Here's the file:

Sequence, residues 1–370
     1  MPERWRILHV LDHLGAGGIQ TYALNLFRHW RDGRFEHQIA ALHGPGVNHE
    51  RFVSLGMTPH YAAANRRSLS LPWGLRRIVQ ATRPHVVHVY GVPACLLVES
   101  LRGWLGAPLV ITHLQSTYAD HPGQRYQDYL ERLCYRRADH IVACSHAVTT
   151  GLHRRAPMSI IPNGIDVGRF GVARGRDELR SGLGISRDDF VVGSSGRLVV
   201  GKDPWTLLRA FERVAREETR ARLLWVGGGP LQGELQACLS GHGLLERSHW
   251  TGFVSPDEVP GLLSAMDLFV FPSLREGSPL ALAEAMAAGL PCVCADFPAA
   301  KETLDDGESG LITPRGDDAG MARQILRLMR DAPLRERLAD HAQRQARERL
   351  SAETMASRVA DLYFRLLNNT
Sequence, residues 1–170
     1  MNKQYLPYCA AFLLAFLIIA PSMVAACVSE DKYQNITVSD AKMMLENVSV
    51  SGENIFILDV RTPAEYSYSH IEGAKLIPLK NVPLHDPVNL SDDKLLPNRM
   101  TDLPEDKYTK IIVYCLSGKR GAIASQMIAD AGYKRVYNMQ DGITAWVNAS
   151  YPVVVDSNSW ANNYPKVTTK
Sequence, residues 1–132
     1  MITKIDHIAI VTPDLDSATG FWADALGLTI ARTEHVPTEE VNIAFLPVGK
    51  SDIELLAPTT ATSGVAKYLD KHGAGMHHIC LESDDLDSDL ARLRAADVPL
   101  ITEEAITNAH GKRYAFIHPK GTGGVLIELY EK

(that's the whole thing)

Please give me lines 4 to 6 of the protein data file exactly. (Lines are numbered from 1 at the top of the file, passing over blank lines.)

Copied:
   101  LRGWLGAPLV ITHLQSTYAD HPGQRYQDYL ERLCYRRADH IVACSHAVTT
   151  GLHRRAPMSI IPNGIDVGRF GVARGRDELR SGLGISRDDF VVGSSGRLVV
   201  GKDPWTLLRA FERVAREETR ARLLWVGGGP LQGELQACLS GHGLLERSHW